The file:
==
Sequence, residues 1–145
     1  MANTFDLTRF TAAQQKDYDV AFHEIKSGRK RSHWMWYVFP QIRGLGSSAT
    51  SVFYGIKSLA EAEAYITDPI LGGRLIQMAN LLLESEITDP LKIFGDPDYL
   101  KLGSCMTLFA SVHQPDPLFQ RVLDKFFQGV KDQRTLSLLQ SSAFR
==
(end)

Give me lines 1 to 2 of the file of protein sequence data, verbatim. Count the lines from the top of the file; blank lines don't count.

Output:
Sequence, residues 1–145
     1  MANTFDLTRF TAAQQKDYDV AFHEIKSGRK RSHWMWYVFP QIRGLGSSAT